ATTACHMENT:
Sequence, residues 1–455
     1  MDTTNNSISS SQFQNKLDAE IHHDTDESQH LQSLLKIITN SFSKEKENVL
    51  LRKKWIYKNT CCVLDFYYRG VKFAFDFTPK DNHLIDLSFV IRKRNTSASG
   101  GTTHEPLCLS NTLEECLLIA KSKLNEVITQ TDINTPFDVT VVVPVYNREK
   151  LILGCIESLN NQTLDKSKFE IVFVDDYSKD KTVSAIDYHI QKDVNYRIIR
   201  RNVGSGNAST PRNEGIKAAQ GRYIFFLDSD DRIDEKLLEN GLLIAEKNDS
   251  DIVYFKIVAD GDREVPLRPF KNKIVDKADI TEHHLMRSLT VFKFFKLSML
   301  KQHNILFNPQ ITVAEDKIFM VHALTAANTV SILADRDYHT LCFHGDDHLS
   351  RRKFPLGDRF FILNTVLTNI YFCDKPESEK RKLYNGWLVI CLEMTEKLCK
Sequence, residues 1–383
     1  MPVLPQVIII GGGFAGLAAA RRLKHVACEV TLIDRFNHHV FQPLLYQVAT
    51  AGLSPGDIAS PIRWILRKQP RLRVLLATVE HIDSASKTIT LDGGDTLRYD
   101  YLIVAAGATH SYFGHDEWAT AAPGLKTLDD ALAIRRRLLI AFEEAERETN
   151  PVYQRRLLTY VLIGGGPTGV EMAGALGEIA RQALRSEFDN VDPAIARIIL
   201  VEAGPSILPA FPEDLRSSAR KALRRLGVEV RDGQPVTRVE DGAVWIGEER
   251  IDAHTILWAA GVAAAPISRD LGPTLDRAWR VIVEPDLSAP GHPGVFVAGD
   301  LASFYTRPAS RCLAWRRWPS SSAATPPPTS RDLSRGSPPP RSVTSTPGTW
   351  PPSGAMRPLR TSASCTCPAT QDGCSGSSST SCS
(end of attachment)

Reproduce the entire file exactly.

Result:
Sequence, residues 1–455
     1  MDTTNNSISS SQFQNKLDAE IHHDTDESQH LQSLLKIITN SFSKEKENVL
    51  LRKKWIYKNT CCVLDFYYRG VKFAFDFTPK DNHLIDLSFV IRKRNTSASG
   101  GTTHEPLCLS NTLEECLLIA KSKLNEVITQ TDINTPFDVT VVVPVYNREK
   151  LILGCIESLN NQTLDKSKFE IVFVDDYSKD KTVSAIDYHI QKDVNYRIIR
   201  RNVGSGNAST PRNEGIKAAQ GRYIFFLDSD DRIDEKLLEN GLLIAEKNDS
   251  DIVYFKIVAD GDREVPLRPF KNKIVDKADI TEHHLMRSLT VFKFFKLSML
   301  KQHNILFNPQ ITVAEDKIFM VHALTAANTV SILADRDYHT LCFHGDDHLS
   351  RRKFPLGDRF FILNTVLTNI YFCDKPESEK RKLYNGWLVI CLEMTEKLCK
Sequence, residues 1–383
     1  MPVLPQVIII GGGFAGLAAA RRLKHVACEV TLIDRFNHHV FQPLLYQVAT
    51  AGLSPGDIAS PIRWILRKQP RLRVLLATVE HIDSASKTIT LDGGDTLRYD
   101  YLIVAAGATH SYFGHDEWAT AAPGLKTLDD ALAIRRRLLI AFEEAERETN
   151  PVYQRRLLTY VLIGGGPTGV EMAGALGEIA RQALRSEFDN VDPAIARIIL
   201  VEAGPSILPA FPEDLRSSAR KALRRLGVEV RDGQPVTRVE DGAVWIGEER
   251  IDAHTILWAA GVAAAPISRD LGPTLDRAWR VIVEPDLSAP GHPGVFVAGD
   301  LASFYTRPAS RCLAWRRWPS SSAATPPPTS RDLSRGSPPP RSVTSTPGTW
   351  PPSGAMRPLR TSASCTCPAT QDGCSGSSST SCS